But then his assertion that this is the root of all our problems does not wash. He assumes that web pages will always be transmitted as individually requested objects on a page. This assumption is weak … a much simpler solution is for HTTP and its cousins to migrate towards a single transmission request for all information and for the sender to gather together the information and send it just one time as a single group or stream. No doubt this is better for the server and the Internet infrastructure to see a larger single flow instead of so many little (25) pieces. Again, it is the multiplication of so many separate requests to assemble a single web page that causes the problem.
In a sense, such progress assumes that Internet protocols will continue to evolve … sounds reasonable. Moreover, once the streaming has started the end user will not notice the effects of distance provided there is sufficient bandwidth between the sites and buffer at the receive end to smooth out any potholes in the transmission
Which is the better approach?
Reasonably local/short distance widely dispersed caching or more aggregated page serving?
Let’s use Gilder’s assumption of 25 objects per web page for our starting place. We shall assume the cache resides at an effective distance of 250 km for a round trip time of 1.7 ms and therefore 25 objects will take 43 ms. This is substantially slower than the direct sending of the page over typical intra-continental distances of 2500 km but sent as a single object (17 ms).
The point of this is that direct bundled sending is substantially better than local caching of pages like Akamai or Inktomi can provide.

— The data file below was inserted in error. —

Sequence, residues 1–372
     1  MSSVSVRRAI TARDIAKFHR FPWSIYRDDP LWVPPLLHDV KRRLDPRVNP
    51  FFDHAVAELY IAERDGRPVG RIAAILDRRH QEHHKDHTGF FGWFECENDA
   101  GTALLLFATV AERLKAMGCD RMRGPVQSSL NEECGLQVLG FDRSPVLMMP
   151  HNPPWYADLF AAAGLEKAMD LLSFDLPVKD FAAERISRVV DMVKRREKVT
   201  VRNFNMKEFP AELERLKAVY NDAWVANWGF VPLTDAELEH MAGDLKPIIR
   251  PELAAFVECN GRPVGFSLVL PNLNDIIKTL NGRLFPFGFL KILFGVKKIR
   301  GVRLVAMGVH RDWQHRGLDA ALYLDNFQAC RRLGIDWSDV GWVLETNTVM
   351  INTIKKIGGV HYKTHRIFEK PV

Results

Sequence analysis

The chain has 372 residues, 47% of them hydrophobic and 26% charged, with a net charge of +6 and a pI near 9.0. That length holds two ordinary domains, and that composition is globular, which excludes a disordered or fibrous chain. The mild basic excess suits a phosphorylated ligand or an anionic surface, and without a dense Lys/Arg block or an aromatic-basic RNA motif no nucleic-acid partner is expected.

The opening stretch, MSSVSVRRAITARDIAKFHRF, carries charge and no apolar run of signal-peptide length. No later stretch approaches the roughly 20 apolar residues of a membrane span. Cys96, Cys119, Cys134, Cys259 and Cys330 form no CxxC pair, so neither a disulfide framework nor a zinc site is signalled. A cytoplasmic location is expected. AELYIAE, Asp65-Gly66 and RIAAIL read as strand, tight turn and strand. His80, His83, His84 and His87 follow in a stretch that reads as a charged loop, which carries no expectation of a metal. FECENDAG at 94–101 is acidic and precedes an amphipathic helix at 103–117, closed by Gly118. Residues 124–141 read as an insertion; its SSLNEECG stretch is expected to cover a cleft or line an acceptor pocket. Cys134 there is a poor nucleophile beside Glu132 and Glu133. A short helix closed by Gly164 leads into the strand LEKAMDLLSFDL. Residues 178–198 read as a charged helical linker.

As our agents and web servers get smarter, we will find that their ability to coordinate the information flow to us so as to minimize our waits and keep their responses more in line with our normal cadence of work will remain acceptable.
So where is the problem of Internet scaling? It is primarily in the core of the network where the global computer must continue to scale to packet per second forwarding levels measured in terms of 1012 and then 1015 packet per second over the next few years. Today the biggest, baddest layer 3 switches or routers have ability to do about 108 packets per second. Collections of these cannot do any better than this because they are ultimately placed into chains and the chain is only as good as its weakest link.
The problem with Internet scaling is not with typical web pages or the migration of television or even telephones to the web; it is with distributed computing. As we seek to create larger clusters of computing, especially as clusters are formed and broken down dynamically as their user bases require this distance and light travel time strongly affect the ability to do cluster computing.
Interestingly enough the problem in trying to create a world wide computer system (like that envisioned in the movie, The Matrix) is that the messages will only propagate at the speed of light and the network in between cannot beat this limitation. Responses that require inputs or outputs from disparate points in the system will not respond in computer time but in earth time … milliseconds not nanoseconds.
(this essay was originally written in March, 2000. fortunately the physics has not changed!)
Posted in Optical Technology